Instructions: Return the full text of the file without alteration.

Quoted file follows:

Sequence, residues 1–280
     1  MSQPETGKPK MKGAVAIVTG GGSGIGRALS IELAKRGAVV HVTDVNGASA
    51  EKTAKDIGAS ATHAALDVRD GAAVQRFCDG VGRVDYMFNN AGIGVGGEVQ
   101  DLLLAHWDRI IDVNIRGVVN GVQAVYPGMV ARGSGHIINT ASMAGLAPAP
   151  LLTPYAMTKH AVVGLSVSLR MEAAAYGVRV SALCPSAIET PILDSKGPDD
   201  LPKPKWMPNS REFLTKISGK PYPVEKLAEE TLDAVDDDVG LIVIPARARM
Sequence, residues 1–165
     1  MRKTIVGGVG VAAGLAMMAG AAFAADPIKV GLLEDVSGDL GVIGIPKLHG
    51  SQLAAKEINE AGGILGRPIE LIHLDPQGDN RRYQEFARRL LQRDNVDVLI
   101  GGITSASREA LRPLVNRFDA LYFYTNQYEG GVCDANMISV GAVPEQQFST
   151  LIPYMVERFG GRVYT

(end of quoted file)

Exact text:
Sequence, residues 1–280
     1  MSQPETGKPK MKGAVAIVTG GGSGIGRALS IELAKRGAVV HVTDVNGASA
    51  EKTAKDIGAS ATHAALDVRD GAAVQRFCDG VGRVDYMFNN AGIGVGGEVQ
   101  DLLLAHWDRI IDVNIRGVVN GVQAVYPGMV ARGSGHIINT ASMAGLAPAP
   151  LLTPYAMTKH AVVGLSVSLR MEAAAYGVRV SALCPSAIET PILDSKGPDD
   201  LPKPKWMPNS REFLTKISGK PYPVEKLAEE TLDAVDDDVG LIVIPARARM
Sequence, residues 1–165
     1  MRKTIVGGVG VAAGLAMMAG AAFAADPIKV GLLEDVSGDL GVIGIPKLHG
    51  SQLAAKEINE AGGILGRPIE LIHLDPQGDN RRYQEFARRL LQRDNVDVLI
   101  GGITSASREA LRPLVNRFDA LYFYTNQYEG GVCDANMISV GAVPEQQFST
   151  LIPYMVERFG GRVYT